Did you know that we have a fish prized for its shellfish-tasting meat that lives right here off the Oregon coast? I didn’t either until recently.

In an attempt to look up nutrition information on cabezon, otherwise known as the Mother-in-Law fish (their large mouths and constant croaking have earned them this rather insulting nickname), I ended up finding out some other really interesting facts about this prehistoric-looking fish, including the fact that it very well could be one of the most delicious fish in the sea.


Jed Wiley off the coast in Seal Rock.

The cabezon is a large species of sculpin that’s native to the Pacific Coast of North America, and although I never actually found the nutritional information for the cabezon itself, it’s said to be similar in nutritional value to lingcod or rockfish.

Cabezon can be found near shore, from intertidal to approximately 650 feet, among jetties, kelp forests and rocky reefs. The cabezon used in this dish was caught right here in Seal Rock by my husband, Jed Wiley, aboard the Crack’n, the Grady-White boat belonging to the guys at Crack’n Crab Cleaner.

The cabezon is an ambush predator that patiently waits for passing-by prey, then lunges to engulf its prey with its large mouth. Those prey typically consist of crustaceans, which I can attest to. As I was cleaning this particular cabezon, I pulled not one, not two, but three small crab from its stomach! They also feed on mollusca, and small fish, which is exactly why this cabezon has a sweet, shellfish flavored meat. As they say, you are what you eat!

By now you may know that I’m big on little-to-no waste when it comes to animal proteins and always try to use as much of the fish as possible (which is why you’ll occasionally see a fish head or salmon roe recipe in the News-Times from me). But there’s one part of the cabezon that’s totally off limits — it’s eggs. The eggs of a cabezon can be potentially toxic to humans, so those should always be avoided. However, the rest of this fish is prized for its meat, and with a sweet, shellfish flavor, I can certainly see why.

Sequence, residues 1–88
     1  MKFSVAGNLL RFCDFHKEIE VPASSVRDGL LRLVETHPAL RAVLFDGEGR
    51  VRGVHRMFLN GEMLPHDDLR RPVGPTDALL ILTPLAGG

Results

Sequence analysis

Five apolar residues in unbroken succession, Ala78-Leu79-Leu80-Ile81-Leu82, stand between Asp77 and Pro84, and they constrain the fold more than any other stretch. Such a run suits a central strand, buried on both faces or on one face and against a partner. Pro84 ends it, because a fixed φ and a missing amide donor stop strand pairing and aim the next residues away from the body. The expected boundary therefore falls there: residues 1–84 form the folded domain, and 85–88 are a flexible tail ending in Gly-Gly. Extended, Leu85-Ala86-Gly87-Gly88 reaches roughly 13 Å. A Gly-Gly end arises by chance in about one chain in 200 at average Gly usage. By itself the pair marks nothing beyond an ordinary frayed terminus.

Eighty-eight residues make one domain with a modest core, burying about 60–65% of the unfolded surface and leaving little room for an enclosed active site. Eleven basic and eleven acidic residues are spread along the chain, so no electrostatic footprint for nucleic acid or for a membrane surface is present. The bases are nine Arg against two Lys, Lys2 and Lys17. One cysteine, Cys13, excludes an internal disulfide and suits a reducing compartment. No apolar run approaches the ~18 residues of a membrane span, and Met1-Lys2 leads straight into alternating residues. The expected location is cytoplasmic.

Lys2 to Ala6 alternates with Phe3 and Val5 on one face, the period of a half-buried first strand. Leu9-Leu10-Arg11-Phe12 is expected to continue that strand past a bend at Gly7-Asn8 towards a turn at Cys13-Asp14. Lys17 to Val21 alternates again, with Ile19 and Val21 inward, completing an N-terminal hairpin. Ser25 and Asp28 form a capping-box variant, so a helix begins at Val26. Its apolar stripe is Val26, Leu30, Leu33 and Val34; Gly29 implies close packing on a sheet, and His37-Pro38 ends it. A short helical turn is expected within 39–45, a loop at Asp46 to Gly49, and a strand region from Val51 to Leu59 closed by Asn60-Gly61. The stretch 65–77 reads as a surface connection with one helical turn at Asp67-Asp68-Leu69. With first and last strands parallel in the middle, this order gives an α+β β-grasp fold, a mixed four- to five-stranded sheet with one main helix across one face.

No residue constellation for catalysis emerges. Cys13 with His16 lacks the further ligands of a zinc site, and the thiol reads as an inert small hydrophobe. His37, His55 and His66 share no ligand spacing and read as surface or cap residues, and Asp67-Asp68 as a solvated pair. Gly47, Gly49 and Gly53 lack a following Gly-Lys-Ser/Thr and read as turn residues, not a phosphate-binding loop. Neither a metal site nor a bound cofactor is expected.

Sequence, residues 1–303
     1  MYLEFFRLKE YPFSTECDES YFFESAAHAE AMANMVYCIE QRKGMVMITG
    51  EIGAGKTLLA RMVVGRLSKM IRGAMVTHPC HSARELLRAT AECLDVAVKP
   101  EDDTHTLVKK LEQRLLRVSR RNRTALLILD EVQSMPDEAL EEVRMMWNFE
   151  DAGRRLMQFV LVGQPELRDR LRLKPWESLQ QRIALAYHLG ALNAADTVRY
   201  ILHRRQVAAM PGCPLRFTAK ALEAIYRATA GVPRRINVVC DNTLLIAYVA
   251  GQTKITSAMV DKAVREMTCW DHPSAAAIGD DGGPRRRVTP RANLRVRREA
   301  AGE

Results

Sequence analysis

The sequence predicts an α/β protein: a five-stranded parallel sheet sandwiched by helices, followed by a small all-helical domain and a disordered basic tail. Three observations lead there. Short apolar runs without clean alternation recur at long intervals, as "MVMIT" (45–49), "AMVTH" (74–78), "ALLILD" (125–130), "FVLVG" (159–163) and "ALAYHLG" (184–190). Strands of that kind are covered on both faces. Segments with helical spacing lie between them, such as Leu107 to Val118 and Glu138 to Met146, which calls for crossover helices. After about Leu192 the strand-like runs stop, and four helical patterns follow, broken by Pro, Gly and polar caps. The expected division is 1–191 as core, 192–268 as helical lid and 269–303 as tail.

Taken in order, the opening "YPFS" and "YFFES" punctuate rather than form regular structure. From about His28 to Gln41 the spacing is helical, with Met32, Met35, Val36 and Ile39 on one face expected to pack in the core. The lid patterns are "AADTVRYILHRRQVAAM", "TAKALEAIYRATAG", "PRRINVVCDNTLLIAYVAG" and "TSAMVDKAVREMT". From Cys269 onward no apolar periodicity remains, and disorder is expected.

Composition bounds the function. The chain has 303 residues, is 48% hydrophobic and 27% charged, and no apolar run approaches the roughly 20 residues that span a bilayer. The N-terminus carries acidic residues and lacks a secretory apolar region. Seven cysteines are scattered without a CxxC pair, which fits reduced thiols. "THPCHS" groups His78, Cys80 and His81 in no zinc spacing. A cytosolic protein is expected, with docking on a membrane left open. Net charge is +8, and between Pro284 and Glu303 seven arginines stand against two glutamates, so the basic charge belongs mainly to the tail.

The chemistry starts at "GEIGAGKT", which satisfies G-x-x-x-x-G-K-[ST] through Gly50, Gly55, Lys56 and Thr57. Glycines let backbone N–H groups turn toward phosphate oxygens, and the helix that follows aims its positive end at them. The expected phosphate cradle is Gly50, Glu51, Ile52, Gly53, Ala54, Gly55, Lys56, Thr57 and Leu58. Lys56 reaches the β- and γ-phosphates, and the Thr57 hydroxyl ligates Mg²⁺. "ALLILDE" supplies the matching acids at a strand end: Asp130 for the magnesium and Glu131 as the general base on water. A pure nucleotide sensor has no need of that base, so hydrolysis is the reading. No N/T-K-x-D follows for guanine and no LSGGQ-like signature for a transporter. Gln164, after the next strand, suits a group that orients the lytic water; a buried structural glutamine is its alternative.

Apparently cabezon are in the running for dad-of-the-year too because after the females spawn on the rocky outcrops in shallow waters, the males guard the eggs until they hatch into small, silvery fish. After about three to four months as larvae, the tiny fish settle at intertidal pools then move to reefs and kelp forests, where they’ll live the remainder of their years.

This was the very first cabezon I’ve prepared, and it was everything the internet claimed it to be! It had a subtly sweet, crab-like flavor, its texture was firm like halibut and yet still flakey like a rockfish.

I would honestly pay a lot of money for this dish right here at a restaurant, and that’s saying a lot because I’m kind of picky when it comes to dining out. But where can you get cabezon? That’s a really great question and the answer is, I have no idea, and catching cabezon isn’t exactly simple either. According to ODFW, the cabezon daily sub-bag limit is one with a season beginning July 1; minimum length of 16 inches. It’s open at all depths Jan. 1 through June 30, and again beginning September. Which, if I’m being honest, is rather confusing. So if anyone has any information on where cabezon can be ordered/purchased, from feel free to send me an email at I would love to know.

If you don’t have access to cabezon, this dish would be perfect with halibut or lingcod as well. It was so simple — start to finish in 10 minutes — and truthfully one of the most flavorful fish dishes I’ve prepared to date.

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